"Affecting and richly enjoyable" Radio Times
He gave up the throne. What she gave up was perhaps even more painful.
Was American divorcée Wallis Simpson a scheming seductress bent on becoming Queen of England? Or did she get caught up in something she did not understand and could not stop? Based on extensive research, this new dramastarring Joely Richardson (Nip/Tuck, 101 Dalmatians) and Stephen Campbell Moore (A Good Woman, Bright Young Things)marks the first time the famous love story has been told from her point of view.
When their love affair begins, Edward, Prince of Wales, is a charismatic playboy, and Wallis is married to her second husband, businessman Ernest Simpson. Because Edward has had a string of mistresses, his affair with Wallis does nothing more serious than raise a few aristocratic eyebrows. But once he becomes King, the establishment demands that he give up Wallis. His refusal to do so puts her in the middle of the bitter struggle between the Kings heart and his duty to the royal family and the nation.
Also starring Miriam Margolyes (The Age of Innocence, Ladies in Lavender) and Margaret Tyzack (The Forsyte Saga, Match Point).
DVD SPECIAL FEATURES INCLUDE interview with writer Sarah Williams, production notes, production photo gallery, historical photo gallery, and cast filmographies.
Wallis Simpson was the been-around-the-block American siren who lured a King of England from his throne, forever changing history. Or was she? The layered and gripping Wallis & Edward
a lushly produced British film, dares to look at the infamous affair from the point of view of Mrs. Simpson, and rather sympathetically at that. Simpson, played with an enticing wry humor by the splendid Joely Richardson, is quite happy with her second husband, Ernest, when we meet them at the beginning of the story. Mutual friends introduce them to the Prince of Wales, a callow, rather feckless playboy (played by Stephen Campbell Moore), who becomes transfixed by Mrs. Simpson's refusal to fawn over him. And the chase is on. Richardson is a wonder in the role, bringing sympathy and anguish to the choices faced by her character. If some of the plot points seem a bit hard to swallow--that, say, Ernest, after having a man-to-man with the prince, is the one who encourages a divorce and essentially hands over his wife to Edward--the overall execution is delightful, and, no small feat for a story so well known, completely involving until the end. The behind-the-scenes scheming of the monarchy and those invested in its continuation is sometimes chilling, but always entertaining. At a gala ball, where the Simpsons have arrived as reluctant guests, Edward's mother, the Queen--so laden in jewels virtually none of her hair, neck, or shoulders is visible--sniffs at the vulgarity of the American who dares to wear "rubies and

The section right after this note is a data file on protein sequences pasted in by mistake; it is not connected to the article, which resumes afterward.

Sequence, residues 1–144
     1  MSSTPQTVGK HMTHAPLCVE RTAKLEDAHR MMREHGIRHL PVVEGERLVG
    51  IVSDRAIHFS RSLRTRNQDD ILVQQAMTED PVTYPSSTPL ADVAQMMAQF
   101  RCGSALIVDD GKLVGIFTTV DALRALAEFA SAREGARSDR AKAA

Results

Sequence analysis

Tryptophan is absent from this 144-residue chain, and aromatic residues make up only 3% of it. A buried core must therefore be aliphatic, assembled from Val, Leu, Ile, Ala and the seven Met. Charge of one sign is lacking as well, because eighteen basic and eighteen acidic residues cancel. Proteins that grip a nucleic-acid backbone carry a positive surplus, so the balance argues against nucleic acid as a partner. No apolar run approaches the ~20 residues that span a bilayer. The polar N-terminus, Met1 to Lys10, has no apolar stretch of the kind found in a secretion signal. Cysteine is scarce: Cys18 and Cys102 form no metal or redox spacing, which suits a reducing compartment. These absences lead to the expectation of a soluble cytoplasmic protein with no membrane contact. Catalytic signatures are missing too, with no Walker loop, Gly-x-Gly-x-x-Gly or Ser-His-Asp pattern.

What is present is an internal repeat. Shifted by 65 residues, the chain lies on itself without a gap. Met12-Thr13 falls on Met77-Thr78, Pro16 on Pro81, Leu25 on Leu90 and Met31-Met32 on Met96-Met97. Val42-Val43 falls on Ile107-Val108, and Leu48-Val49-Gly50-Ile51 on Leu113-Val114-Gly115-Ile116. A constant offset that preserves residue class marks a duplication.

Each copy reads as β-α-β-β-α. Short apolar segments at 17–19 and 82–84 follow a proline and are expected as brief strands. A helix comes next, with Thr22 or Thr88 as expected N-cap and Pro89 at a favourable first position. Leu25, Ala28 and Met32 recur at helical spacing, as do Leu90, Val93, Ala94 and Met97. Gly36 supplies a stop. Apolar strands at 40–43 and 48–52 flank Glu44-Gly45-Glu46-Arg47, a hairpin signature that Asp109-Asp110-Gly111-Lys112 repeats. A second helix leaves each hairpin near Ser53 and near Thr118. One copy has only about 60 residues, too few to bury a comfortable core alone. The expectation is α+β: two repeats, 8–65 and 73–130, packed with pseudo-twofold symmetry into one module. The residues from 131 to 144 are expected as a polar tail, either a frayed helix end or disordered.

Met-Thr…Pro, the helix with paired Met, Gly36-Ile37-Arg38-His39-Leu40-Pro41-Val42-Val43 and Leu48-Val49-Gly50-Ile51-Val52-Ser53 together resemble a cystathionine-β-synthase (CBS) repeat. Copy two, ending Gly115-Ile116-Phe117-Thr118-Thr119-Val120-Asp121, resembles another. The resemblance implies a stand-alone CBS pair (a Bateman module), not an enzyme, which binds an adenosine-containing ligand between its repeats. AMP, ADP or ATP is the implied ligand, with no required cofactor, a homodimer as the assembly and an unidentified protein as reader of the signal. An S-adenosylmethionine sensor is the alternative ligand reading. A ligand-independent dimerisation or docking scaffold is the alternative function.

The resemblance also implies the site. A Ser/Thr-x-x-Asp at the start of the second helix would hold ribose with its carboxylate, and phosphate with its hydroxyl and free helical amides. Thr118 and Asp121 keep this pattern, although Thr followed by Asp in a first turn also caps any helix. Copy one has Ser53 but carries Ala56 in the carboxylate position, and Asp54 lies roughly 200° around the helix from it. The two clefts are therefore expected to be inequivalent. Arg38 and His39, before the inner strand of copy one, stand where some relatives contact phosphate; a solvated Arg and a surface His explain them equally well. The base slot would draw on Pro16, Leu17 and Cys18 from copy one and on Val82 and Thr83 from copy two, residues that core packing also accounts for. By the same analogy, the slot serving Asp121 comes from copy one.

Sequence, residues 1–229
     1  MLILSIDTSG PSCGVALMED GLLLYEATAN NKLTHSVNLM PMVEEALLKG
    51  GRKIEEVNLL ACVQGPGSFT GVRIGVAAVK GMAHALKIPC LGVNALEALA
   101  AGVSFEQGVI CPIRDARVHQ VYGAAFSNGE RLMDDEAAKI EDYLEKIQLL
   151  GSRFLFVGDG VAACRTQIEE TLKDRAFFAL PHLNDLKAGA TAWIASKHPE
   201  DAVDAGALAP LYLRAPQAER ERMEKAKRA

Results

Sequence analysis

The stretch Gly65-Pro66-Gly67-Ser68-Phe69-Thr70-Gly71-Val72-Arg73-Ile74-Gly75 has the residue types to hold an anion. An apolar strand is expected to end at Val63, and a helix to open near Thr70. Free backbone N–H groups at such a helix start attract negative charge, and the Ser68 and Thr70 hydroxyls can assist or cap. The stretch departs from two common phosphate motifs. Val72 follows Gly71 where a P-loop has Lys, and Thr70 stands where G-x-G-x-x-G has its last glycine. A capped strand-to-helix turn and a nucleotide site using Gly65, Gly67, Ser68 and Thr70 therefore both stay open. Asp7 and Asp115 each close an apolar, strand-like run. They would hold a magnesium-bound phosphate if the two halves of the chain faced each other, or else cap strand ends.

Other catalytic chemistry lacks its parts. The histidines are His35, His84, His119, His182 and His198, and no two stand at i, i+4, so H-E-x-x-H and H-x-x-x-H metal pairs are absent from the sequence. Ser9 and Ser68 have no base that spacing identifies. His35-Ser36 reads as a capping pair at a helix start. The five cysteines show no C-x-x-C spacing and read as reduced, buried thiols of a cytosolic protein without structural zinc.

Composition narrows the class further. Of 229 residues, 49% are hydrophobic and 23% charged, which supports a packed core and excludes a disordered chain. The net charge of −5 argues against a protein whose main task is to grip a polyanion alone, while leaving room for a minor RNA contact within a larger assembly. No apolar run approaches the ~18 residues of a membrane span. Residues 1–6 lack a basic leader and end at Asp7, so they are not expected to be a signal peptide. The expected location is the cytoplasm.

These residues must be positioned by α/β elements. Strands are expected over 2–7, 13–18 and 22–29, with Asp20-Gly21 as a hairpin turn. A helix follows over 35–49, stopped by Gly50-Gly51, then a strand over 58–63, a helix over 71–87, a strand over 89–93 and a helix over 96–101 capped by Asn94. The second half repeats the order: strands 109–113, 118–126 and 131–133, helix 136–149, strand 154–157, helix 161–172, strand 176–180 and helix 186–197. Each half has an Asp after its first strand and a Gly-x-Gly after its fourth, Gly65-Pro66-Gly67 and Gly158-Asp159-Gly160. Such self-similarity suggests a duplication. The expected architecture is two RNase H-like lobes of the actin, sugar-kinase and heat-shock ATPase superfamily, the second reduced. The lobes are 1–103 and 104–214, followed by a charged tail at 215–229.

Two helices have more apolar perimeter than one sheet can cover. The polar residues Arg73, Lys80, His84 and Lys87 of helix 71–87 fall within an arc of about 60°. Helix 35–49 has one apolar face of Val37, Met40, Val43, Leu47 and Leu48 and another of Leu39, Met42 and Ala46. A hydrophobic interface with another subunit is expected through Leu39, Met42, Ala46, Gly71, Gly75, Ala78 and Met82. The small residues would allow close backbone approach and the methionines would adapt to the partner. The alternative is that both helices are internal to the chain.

emeralds." There'll always be an England--and there'll always be a fascination with the affair that brought down a King. --A.T. Hurley